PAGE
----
But after he served in that capacity for the Giants, Patriots and Jets, Belichick was ready to move beyond that none-too-cute Big Bill-Little Bill relationship. He knew he could do more, so he bolted for his own gig. And now that he's had success -- enough success to have his name included in conversations about the greatest coach in football history, a certain Vince Lombardi -- he hasn't changed.
And all the players who have joined the Patriots on their journey? They haven't changed, either.
Do you think Corey Dillon is any different now than he was when he played in Cincinnati? Not in the least. It's just that in Cincinnati, he played for an organization that was, at the time, not especially committed to winning. Instead, the Bengals were committed to mediocrity. Dillon -- who ran, and ran hard in Cincinnati -- was made unhappy by this, so he voiced his opinion, and for good reason.
But Dillon hasn't uttered a single critical peep since he arrived in Beantown. Why would he? Yes, everyone on the team, including the quarterback, is more role player than star. But Dillon's role is perfectly suited for him: He runs hard. This season, he ran hard 345 times, to be exact, for 1,635 yards. Because he filled his role so well in a ball-control offense, the Patriots are sauntering towards their third title in the last four years. Dillon, despite those numbers, isn't headed to the Pro Bowl, yet he seems downright cheerful these days.
The pride of guys like Rodney Harrison is part of the reason the Pats are so successful.
And how about the forthright, hard-hitting safety, Rodney Harrison? This is a guy who, when he was released by the Chargers, publicly called San Diego coach Marty Schottenheimer a liar. Does that make Harrison a malcontent, or a less-than-ideal team player? Or is Harrison just another competitor who, like Dillon, wanted to be part of a team that shares his own lust for victory?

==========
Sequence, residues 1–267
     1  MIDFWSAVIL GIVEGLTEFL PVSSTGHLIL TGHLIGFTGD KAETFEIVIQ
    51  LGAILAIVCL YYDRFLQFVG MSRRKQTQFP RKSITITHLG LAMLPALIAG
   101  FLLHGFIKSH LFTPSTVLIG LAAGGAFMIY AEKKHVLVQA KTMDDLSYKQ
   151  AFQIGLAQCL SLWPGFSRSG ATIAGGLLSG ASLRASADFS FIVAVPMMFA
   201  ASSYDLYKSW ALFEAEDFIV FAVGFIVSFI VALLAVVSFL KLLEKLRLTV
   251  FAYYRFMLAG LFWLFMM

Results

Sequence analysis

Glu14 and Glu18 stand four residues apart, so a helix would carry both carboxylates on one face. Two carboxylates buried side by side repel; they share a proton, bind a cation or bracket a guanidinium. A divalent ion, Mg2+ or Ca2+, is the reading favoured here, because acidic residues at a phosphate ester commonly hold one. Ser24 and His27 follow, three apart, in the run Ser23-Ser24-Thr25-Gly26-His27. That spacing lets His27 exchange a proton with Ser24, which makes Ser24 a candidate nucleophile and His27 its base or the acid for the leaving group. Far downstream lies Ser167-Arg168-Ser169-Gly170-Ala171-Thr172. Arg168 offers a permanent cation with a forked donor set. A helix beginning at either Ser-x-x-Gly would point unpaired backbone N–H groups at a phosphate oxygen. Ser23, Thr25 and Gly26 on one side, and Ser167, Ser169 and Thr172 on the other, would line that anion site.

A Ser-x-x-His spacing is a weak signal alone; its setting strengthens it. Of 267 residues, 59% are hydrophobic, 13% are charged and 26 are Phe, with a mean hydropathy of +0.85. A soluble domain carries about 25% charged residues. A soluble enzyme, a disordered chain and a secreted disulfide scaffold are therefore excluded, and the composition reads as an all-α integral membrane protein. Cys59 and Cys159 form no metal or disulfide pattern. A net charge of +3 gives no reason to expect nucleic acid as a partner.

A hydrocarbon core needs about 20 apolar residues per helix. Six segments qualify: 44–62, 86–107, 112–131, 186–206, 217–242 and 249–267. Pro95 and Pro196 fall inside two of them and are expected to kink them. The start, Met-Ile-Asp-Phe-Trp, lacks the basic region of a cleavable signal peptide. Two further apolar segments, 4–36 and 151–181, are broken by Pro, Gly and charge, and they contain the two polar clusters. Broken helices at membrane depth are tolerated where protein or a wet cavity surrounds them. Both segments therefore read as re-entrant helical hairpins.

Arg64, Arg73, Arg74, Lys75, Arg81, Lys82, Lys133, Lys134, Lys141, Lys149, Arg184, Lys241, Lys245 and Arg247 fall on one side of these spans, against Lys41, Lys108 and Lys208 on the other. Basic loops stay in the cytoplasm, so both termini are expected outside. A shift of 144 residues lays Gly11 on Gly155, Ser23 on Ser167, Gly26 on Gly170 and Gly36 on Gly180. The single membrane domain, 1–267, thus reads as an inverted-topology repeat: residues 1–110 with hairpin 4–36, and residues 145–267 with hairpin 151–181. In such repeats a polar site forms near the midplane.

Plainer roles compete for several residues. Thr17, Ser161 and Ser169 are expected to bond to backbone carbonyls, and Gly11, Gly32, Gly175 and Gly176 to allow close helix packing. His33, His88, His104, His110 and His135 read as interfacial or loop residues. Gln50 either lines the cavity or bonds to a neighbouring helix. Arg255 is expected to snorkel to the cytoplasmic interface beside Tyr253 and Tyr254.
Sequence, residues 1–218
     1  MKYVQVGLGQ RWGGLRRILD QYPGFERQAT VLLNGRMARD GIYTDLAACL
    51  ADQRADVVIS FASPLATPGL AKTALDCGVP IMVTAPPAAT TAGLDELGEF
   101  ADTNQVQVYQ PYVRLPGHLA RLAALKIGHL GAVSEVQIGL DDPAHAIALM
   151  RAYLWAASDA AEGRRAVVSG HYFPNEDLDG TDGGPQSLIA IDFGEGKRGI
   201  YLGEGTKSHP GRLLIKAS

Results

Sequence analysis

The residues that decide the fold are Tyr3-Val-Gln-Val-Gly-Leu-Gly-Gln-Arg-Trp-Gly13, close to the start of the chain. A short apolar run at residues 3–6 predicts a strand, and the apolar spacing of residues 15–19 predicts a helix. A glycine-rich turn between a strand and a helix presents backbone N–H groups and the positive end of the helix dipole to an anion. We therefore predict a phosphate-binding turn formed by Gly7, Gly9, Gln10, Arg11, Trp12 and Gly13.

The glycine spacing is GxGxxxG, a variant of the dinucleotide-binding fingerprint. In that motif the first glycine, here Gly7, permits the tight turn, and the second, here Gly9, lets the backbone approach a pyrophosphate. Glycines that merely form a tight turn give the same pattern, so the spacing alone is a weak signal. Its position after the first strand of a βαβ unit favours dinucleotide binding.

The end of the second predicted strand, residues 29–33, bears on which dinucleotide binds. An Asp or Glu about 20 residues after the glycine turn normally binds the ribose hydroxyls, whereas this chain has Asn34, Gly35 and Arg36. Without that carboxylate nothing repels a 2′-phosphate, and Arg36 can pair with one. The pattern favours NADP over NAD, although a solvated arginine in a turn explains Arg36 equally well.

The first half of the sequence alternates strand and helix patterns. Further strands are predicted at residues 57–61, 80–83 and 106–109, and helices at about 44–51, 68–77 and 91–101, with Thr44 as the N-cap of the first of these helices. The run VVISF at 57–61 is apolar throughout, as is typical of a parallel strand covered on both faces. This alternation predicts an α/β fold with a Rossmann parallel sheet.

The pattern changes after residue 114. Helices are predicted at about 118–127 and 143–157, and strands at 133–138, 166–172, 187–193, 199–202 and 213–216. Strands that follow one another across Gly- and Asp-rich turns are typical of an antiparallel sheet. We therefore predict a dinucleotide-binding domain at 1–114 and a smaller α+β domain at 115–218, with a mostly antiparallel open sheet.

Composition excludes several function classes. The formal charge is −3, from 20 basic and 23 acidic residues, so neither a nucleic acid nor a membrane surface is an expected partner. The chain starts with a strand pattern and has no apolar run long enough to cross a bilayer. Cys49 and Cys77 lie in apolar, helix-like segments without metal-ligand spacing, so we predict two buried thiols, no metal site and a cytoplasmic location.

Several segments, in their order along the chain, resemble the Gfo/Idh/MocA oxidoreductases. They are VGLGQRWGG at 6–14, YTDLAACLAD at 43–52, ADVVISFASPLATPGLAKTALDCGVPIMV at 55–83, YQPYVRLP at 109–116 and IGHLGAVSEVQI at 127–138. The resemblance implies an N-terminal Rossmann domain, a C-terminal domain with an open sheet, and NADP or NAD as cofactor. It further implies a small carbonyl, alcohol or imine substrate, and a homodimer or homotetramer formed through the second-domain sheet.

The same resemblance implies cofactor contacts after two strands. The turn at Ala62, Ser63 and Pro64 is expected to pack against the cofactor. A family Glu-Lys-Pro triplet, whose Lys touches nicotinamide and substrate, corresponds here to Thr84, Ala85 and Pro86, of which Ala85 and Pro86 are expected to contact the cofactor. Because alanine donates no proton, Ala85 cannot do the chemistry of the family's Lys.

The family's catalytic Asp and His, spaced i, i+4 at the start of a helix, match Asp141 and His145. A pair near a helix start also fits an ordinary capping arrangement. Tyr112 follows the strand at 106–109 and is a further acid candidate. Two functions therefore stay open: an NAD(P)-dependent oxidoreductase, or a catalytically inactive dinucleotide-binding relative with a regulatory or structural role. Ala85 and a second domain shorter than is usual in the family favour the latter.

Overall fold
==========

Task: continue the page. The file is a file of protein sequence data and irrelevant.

Just last week, during an interview with Boomer Esiason, a question was asked about why so few of the Patriots are Pro Bowlers. Harrison was the first to answer.
"We get overlooked," he said.
He's absolutely right. They get overlooked because, with the exception of Dillon, most of them have neither the stats nor the gaudy reputations requisite for Pro Bowl berths. And the players who fill out their Pro Bowl ballots, when in doubt, rely on those things when they vote. But do such snubs reduce Harrison and his teammates to a band of second-tier athletes who lack personal ambition? Hardly. Harrison is a hitter. There's nothing more personal than hitting another man. I guarantee that on Sunday, when Harrison reaches missile-lock on Freddie Mitchell, he won't have his teammates on his mind.
When it comes to the importance of confidence and/or arrogance in a team's success, one of the more understated coaches in all of sports says it best.
"There is an 'I' in team," says the University of Washington's Tyrone Willingham. "Any coach who says there isn't is lying."
Willingham, like any coach, knows that success in football and a lack of ego are mutually exclusive.
"Oh, you need some 'me' guys on your team," says Willingham. "You always need players with a strong sense of self."
Of course you do. They might not always say it, but every player on every NFL roster, including New England, thinks of himself as the best player on the field. If he didn't, he wouldn't be worth a damn.
Regardless of what you hear, or -- in this case -- what you don't hear, that's real.
Alan Grant is a former NFL defensive back and the author of "Return to Glory: Inside Tyrone Willingham's Amazing First Season at Notre Dame"